In Scripture, ritual certainly seems to be at least a matter of communication. Worship is performed “before the face of God”; heaps of fat and entrails are lifted heavenward, pointing to the ultimate origin of all good and perfect gifts; blood is sprinkled toward God’s throne in the Most Holy Place; smoke ascends, and God finds its aroma pleasant. All of this indicates that ritual is a way of “saying,” or perhaps better, of “showing” something to God. We could say that ritual is an enacted prayer.
Anthropological literature, however, would distort the notion of ritual as prayer in a number of ways. Most anthropologists would view ritual as communication in a void. Those who perform the rites believe (poor, deluded souls) they are communicating with a deity, but the anthropologist (who, after all, once switched on an electric light!) knows there is no such being. At best, ritual is solipsistic, a monologue by which persons speak to themselves and one another to reinforce existing cultural and social systems. Related to this is, secondly, the assumption that all rituals are equal, since there is no God who speaks and who tells His people what to enact before His face. “Equal” here means both equally quaint and equally ineffective.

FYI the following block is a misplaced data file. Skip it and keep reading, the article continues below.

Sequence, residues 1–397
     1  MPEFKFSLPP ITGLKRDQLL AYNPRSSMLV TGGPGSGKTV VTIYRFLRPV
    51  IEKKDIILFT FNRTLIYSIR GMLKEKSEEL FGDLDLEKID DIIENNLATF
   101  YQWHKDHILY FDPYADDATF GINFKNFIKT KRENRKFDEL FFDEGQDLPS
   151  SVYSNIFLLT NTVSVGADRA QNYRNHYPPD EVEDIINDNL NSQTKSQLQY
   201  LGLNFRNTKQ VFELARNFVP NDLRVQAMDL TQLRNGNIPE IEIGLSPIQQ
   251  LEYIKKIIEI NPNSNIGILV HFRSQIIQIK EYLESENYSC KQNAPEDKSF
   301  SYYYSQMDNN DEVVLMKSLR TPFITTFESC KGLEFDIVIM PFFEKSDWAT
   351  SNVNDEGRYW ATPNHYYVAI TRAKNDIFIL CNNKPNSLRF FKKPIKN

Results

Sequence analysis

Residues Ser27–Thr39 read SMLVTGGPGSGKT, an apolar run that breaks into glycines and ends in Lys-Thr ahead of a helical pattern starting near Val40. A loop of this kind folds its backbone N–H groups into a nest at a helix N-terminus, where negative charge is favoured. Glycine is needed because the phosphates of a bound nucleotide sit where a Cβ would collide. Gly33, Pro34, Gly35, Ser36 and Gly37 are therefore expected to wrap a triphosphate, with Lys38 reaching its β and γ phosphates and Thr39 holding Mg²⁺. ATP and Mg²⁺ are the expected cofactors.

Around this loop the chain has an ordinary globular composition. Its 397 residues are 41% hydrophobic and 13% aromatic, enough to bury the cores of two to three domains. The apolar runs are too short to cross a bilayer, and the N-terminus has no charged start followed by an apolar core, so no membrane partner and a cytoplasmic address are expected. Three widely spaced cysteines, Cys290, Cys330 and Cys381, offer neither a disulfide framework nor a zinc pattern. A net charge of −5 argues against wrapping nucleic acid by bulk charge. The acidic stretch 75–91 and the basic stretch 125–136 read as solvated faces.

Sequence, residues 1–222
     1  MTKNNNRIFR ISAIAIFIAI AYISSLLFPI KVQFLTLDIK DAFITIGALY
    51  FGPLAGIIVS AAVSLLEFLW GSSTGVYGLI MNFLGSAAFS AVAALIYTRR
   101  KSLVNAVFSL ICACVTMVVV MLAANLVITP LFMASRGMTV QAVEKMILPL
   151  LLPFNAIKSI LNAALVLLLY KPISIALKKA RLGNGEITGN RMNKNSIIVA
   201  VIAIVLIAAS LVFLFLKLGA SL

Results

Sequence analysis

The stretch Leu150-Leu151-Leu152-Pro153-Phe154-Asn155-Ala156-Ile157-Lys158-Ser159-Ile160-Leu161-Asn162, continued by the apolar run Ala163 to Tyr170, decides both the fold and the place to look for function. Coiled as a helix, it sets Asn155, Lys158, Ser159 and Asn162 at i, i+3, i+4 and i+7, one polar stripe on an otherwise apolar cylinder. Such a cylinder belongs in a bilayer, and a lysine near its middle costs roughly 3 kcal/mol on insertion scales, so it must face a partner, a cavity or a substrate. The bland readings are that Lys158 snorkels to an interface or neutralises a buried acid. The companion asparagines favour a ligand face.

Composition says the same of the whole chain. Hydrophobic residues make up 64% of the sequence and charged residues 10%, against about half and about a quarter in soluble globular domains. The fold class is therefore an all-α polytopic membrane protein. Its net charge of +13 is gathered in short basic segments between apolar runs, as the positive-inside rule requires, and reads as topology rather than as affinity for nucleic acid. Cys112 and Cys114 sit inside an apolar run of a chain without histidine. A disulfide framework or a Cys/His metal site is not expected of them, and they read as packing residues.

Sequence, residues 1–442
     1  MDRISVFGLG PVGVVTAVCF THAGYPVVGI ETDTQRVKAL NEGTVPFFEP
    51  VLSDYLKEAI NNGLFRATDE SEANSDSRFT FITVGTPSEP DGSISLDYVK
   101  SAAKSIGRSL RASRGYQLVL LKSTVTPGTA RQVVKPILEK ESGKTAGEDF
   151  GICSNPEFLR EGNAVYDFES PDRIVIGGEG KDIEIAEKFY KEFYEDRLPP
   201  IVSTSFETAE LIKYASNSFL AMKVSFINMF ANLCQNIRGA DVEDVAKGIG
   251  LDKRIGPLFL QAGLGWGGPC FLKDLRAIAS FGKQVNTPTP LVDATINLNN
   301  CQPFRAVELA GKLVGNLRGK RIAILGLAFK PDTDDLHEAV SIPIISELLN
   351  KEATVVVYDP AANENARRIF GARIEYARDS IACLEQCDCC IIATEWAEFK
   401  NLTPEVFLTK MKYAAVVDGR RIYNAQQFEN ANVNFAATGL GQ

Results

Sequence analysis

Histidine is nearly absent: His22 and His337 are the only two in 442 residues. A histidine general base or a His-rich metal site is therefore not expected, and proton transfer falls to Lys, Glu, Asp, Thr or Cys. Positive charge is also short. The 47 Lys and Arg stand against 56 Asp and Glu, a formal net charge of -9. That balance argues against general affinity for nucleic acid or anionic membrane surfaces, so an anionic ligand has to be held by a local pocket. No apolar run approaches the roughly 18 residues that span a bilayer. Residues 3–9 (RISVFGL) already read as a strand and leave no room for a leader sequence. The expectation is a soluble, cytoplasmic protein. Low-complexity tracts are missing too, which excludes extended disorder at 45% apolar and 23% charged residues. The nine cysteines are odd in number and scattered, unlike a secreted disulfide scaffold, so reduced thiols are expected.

A Biblical view of ritual, by contrast, would begin with the assumption that the Triune God is, and that He has revealed Himself in Scripture. There is a God and He has told His people what pleases Him. One would be led, therefore, to distinguish between true and false ritual, between God-ordained rites and what the Puritans called “will worship.” Leviticus 7:1 shows that this distinction is inherent in the Biblical notion of ritual. The chapter on the ritual of the “guilt offering" begins: “This is the torah of the guilt offering." That is, the rite is a prescribed rite; enacting the rite is obedience to torah and obedience to torah pleases God. On the other hand, the Bible clearly forbids other rites (divination, child sacrifice, etc). All rites are not equal; some cause the Lord to vomit people out of the land, while others are delightful “food” for God, a pleasing aroma in His nostrils.